CEAS New Report - BASIC INSTINCT- Executive Summary, Conclusions and Recommendations

 The Study Basic Instinct – The Case for More NATO in The Western Balkans is a result of a year long research conducted under the CEAS project Continued fulfillment of IPAP Commitments – Stepping closer to NATO, supported by the National Endowment for Democracy (NED) from the USA.

The Study particularly  addresses  four  underlying issues common to all countries of the Western Balkans: incomplete transitional justice processes;  incomplete security sector reforms; constitutionally or otherwise embedded solutions that propel an illiberal politicization of ethnicities; and internationally led or sponsored processes that may serve short-term goals, but are implemented in a way that undermines the separation of powers, strengthening of independent institutions and  decision-making processes in already poorly governed countries of the Region. 

The Study argues  that  those issues could in the end, if not properly addressed, bring the process of the democratization of the Region and its deeper integration into Euro-Atlantic structures to a halt. Furthermore, all these issues create a fertile ground  for non-democratic and hostile hybrid and conventional obstructive actions conducted by state or non-state actors.

The Study’s main conclusion is that NATO should be more relevant than ever when it comes to ensuring strategic stability in  Europe and the Western Balkans, which should be fully integrated into Euro-Atlantic  structures. Bearing in mind the new strategic environment, full integration into these  structures should  be a basic instinct response of all truly liberal and democratic forces in the Region.

The following is stated in the Conclusions and Recommendations section of the Study:  Since all the governments in the Region, elected  through a series of not too irregular,  if not entirely fair election processes, and most of their legitimate oppositions have pledged commitment to their countries’ integration into Euro-Atlantic structures, with most of them expressing the will to become fully fledged EU and NATO members, NATO and its member states can, with full legitimacy,   address all the above-mentioned underlying challenges, and provide incentives and capacities for the reforms that would overcome them.  By admitting Montenegro as the 29th member state, NATO has demonstrated that it is ready to move on in a changed political environment in the Western Balkans faster and bolder than any other global or regional actor. The fact that the newly elected Macedonian government is already looking for ways to  reactivate its NATO membership and its upcoming meeting with the NATO leaders confirm that NATO can and should be the leading actor in a sustained and comprehensive process of stabilization and democratization in the Region….. Societies of the Region are less resilient than EU and NATO member states to newly emerging global threats and hostile hybrid operations  whose scope has been increasing in the Region,  and on the other hand regional cooperation is still insufficient in many relevant areas, primarily in defense and security, therefore NATO  should be  more relevant than ever when it comes to ensuring strategic stability in  Europe and the Western Balkans, which should be fully integrated into Euro-Atlantic structures. Bearing in mind the new strategic environment, full integration into these  structures should  be a basic instinct response of all truly liberal and democratic forces in the Region.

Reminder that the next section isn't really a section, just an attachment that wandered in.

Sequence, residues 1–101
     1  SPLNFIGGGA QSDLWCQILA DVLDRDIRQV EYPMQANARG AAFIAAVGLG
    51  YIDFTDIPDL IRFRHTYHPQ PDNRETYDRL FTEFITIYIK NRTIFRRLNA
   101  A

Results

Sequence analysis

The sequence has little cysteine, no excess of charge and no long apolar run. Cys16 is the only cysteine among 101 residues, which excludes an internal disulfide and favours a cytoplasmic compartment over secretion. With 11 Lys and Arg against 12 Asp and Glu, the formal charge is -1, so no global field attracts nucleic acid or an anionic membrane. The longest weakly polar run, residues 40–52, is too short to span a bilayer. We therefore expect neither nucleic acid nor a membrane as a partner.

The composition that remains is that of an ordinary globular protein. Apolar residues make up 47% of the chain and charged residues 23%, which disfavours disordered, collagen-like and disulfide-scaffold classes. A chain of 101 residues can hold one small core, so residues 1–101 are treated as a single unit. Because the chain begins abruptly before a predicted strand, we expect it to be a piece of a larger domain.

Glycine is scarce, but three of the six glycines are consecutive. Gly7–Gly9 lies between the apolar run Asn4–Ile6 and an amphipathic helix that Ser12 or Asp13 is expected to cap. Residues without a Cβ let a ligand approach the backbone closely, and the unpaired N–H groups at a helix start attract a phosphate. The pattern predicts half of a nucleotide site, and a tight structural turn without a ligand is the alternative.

The CEAS is proud to be among NED grantees. This assessment report was made possible with partial funding from the National Endowment for Democracy (NED).The opinions expressed in this publication are those of the authors and do not necessarily reflect the views of the NED.